MARINE LIFE IN THE MEDITERRANEAN DURING THE MESSINIAN SALINITY CRISIS: A PALEOICHTHYOLOGICAL PERSPECTIVE
Keywords:Fossil fish skeletal remains; otoliths; Mediterranean; Lago-Mare; marine; Myctophidae.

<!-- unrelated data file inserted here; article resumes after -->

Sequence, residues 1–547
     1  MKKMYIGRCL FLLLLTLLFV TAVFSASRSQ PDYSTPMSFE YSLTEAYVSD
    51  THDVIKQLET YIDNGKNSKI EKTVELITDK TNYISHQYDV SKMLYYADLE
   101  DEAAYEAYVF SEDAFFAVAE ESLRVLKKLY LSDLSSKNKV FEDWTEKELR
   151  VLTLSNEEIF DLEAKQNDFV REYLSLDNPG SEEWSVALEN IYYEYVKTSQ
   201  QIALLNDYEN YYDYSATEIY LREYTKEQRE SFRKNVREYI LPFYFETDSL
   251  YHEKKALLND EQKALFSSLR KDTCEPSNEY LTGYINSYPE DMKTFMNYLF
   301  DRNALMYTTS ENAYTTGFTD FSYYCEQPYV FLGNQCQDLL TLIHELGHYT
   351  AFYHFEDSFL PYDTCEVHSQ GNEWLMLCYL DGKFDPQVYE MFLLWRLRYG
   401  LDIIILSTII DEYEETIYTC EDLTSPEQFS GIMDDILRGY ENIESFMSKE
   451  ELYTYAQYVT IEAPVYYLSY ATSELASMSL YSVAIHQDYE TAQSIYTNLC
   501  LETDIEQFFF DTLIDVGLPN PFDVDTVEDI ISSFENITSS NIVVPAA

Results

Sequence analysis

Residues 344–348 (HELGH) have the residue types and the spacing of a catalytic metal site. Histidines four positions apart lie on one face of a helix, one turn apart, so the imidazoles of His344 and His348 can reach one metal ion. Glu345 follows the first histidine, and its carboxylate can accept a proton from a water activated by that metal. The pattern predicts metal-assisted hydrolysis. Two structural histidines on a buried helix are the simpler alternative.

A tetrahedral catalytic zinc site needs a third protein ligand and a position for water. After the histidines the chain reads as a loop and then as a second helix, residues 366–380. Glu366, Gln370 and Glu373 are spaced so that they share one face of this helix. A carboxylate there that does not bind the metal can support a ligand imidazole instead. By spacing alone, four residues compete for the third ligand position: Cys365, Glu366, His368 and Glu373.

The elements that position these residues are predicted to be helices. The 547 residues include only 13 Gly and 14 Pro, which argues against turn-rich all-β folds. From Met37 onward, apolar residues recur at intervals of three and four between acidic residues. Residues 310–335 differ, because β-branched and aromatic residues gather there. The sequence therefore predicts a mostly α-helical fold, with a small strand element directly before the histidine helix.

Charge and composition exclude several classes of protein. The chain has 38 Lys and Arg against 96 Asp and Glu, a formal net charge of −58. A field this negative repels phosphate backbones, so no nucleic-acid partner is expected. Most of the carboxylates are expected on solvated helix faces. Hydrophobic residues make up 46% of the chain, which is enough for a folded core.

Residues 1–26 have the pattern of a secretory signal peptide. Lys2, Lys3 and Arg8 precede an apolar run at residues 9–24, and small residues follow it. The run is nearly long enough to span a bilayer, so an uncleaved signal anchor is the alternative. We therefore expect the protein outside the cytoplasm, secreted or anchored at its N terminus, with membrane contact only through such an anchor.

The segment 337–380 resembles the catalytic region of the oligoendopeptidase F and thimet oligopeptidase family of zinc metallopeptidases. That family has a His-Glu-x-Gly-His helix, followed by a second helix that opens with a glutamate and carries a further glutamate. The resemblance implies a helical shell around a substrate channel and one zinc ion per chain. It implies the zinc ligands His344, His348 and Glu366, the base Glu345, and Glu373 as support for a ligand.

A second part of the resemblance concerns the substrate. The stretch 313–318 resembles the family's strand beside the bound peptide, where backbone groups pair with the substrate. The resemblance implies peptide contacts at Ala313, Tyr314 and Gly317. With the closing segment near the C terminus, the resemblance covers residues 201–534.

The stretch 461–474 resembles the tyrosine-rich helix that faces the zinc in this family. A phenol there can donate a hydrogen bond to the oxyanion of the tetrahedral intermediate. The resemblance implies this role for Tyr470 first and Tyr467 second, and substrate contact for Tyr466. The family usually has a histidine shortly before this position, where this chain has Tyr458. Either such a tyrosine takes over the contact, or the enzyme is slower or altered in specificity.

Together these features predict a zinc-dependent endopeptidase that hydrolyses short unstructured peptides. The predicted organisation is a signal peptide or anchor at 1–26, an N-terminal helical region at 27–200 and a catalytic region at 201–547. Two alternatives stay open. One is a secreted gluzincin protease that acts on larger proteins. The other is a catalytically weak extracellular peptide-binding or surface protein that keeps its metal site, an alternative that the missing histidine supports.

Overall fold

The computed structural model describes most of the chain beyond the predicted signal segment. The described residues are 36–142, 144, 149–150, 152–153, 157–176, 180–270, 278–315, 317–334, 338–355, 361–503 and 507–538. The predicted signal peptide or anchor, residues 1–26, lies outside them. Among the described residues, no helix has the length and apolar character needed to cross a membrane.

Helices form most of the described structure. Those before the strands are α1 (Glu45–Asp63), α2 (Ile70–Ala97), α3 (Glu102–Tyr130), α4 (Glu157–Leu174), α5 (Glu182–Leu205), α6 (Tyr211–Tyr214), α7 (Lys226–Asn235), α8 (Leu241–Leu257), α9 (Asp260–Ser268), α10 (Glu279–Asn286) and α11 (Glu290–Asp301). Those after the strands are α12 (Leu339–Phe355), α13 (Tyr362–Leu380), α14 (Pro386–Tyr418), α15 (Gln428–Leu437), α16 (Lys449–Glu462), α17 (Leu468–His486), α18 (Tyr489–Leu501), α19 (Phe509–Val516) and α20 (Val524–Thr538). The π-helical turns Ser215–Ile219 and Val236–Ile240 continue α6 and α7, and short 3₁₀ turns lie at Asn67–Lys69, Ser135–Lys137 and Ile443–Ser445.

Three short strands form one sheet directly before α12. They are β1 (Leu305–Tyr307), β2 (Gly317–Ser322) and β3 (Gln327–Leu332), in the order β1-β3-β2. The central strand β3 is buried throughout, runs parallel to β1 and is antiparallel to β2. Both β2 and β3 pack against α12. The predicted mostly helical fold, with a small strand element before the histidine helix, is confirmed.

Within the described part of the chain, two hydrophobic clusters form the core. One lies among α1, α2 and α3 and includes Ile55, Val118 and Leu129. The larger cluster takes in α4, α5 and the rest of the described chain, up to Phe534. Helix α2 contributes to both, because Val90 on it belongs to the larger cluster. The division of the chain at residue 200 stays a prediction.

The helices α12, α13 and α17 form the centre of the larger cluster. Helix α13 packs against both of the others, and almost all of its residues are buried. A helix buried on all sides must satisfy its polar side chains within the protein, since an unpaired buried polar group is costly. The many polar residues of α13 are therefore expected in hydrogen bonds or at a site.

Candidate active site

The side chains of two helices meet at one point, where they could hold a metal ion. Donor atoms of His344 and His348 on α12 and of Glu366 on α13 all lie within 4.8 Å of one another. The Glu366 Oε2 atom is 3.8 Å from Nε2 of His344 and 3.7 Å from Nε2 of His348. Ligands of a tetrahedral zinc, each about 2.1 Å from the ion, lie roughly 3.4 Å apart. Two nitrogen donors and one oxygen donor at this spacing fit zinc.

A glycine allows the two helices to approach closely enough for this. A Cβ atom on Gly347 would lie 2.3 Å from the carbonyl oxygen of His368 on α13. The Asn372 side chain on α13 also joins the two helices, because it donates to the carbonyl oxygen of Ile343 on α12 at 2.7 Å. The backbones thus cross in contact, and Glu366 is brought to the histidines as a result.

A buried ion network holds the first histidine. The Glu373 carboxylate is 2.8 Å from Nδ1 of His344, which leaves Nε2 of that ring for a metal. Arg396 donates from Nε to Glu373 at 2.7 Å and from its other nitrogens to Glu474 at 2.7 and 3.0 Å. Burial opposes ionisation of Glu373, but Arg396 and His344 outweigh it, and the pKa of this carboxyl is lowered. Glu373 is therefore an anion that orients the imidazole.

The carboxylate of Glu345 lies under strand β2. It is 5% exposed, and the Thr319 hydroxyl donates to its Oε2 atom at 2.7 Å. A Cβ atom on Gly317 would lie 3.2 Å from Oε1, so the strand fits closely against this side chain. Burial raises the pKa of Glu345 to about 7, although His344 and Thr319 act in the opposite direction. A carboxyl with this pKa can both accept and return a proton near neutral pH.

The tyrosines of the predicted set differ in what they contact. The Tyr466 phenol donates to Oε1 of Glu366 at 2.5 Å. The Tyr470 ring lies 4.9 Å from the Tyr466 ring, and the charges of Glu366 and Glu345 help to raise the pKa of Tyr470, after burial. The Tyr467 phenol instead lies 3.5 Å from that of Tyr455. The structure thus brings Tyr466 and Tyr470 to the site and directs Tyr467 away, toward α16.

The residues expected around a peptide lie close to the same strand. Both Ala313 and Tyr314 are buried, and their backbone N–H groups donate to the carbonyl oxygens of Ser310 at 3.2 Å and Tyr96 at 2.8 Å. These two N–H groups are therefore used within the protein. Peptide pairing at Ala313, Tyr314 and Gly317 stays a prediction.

Almost fifty years after the first definition of the Messinian salinity crisis (MSC), the events that occurred in the Mediterranean during the terminal portion of the Miocene still attract the attention of a large and diverse scientific community. Although fossils are relatively common in the deposits that accumulated during the MSC, their significance for the interpretation of the latest Miocene paleoenvironmental evolution of the Mediterranean has been underevalued. In this paper, we summarize the marine paleoichthyological record of the three stages of the MSC based on both articulated and isolated skeletal remains and otoliths, the latter almost exclusively known from the Lago-Mare phase. We focus on the composition of the marine ichthyofauna of the Mediterranean during the three main stages of the MSC, showing the persistent continuity of marine stenohaline taxa throughout most of the interval between 5.97 and 5.33 Ma. While the record of articulated fish skeletons is unquestionably autochthonous, thereby providing unambiguous evidence of the occurrence of open marine environments in the MSC preceding the Lago-Mare phase, the autochthonous nature of the otolith record has often been questioned. For this reason, the otolith record of marine fishes has been examined in detail from a taxonomic and paleoecological point of view. Three species, Bellottia verecunda n. sp., Benthosema taurinense n. sp., and Bostrychus marsilii n. sp., are described as new and a thorough discussion about the possible origin of the otoliths is provided. Alternative explanations for the occurrence of otoliths of marine fish during the Lago-Mare phase, such as reworking, contamination from overlying Pliocene sediments or import from outside the Mediterranean through aquatic birds are considered unlikely. In our assessment, the occurrence of marine fish otoliths in the Lago-Mare phase can be explained with the presence of normal marine environments in the Mediterranean, at least temporarily. Therefore, we suggest that the paleoichthyological data provided herein should be integrated in the future evolutionary paleoenvironmental reconstructions of the MSC.
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